The musical Kimberly Akimbo can be described as quirky. Quirky in a good way. The show, a big hit Off-Broadway last season, has made a successful transfer to Broadway without losing its more intimate quality and eccentric feel. Based on David Linday-Abaire’s 2001 play of the same name, the story revolves around Kimberly, a high school teenager suffering from a rare disorder that causes her to age four times faster than normal. Looking more like a senior citizen, the actress Victoria Clark gives a bravo performance as the young adult. After just a few minutes on stage you wholeheartedly believe her portrayal of Kimberly.
The story takes place in the North Jersey suburbs. Kimberly, a smart 16 year old, lives with her slacker, undependable parents, Buddy (Steven Boyer) and Patti (Alli Mauzey). At times, she seems to be parenting them. Kimberly is not part of a group or clique until she falls in with a band of fellow outsiders, most notably Seth (a winning Broadway debut by Justin Cooley), who manages the local ice rink, plays the tuba and has his own dysfunctional home life to contend with. Life is looking up for Kimberly and her friendship with Seth until the appearance of her aunt Debra (Bonnie Milligan) turns everything topsy-turvy. She is a hopeless schemer and crooked individual always in the thick of chaos. While creating upheaval at her sister Pattie’s and brother-in-law Buddy’s home, she recruits Kimberly and her pals for a sure-fire scam to enrich herself and the teens. In the end, everyone, well, mostly everyone gets a big payoff.
What makes Kimberly Akimbo work is its skillful mix of goofiness, heartache and poignancy. Director Jessica Stone guides the show with an assured hand and clever decisions, allowing the musical’s humor and honesty to shine brightly. David Zinn’s multiple sets bolster the quality of the show without overpowering the production. Choreographer Danny Mefford sprinkles some sprightly dance numbers throughout the production only when they make sense for the show. The ice skating number is a considerable standout. Librettist David Lindsay-Abaire celebrates uniqueness and unconventionality with a playful joyfulness. There is a serious undertone to the show as characters make decisions about the direction of their lives. What could have been a real downer of a show ends on an uplifting high note.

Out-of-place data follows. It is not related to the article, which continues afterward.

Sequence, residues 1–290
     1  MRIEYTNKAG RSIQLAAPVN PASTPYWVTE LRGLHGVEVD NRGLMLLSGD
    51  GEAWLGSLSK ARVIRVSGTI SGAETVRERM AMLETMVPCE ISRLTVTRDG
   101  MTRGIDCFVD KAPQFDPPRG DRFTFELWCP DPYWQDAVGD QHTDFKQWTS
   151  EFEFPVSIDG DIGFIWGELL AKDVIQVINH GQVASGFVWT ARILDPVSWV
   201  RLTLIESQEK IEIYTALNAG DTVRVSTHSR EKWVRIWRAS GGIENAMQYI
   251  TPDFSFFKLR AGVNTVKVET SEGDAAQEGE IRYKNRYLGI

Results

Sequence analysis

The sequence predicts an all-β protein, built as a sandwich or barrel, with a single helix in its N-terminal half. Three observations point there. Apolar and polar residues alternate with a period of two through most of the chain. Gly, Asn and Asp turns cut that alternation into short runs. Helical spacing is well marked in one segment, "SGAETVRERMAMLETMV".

The composing team of Jeanine Tesori (music) and Lindsay-Abaire (lyrics), whose previous collaboration was Shrek - the Musical, have crafted a score that fetes individualness and fun. The songs, tuneful and jubilant, cleverly help further the plot and character development. Standouts include the tenderly amusing “Anagram,” the self-revelatory belter “Better,” and the rejoicing Act I closer “This Time.”
The entire cast, a carryover from the Off-Broadway run, fits smoothly and comfortably into their roles for the Broadway run. Victoria Clark’s portrayal of Kimberly is so beautiful and touching, adding a splash of spunk. Look for her at Tony time. The young actor, Justin Cooley, gleefully infuses Seth with a hopefulness that is at times heart-rending and empowering. Bonnie Milligan’s Debra gives new meaning to crass and endearment, with a screwball twist. Her delightfully inept shenanigans power the show forward. Steven Boyer’s Buddy and Alli Mauzey’s Patti give daffy performances that are tinged with unfulfillment and regret. The gaggle of high school students - Olivia Elease Hardy, Fernell Hogan, Michael Iskander, and Nina White - are a fine group of up-and-coming actors, unflinchingly proud of themselves and their abilities.
Kimberly Akimbo may lack the firepower and pizazz of large-scale Broadway productions but is, nonetheless, a wholly satisfying musical theater experience.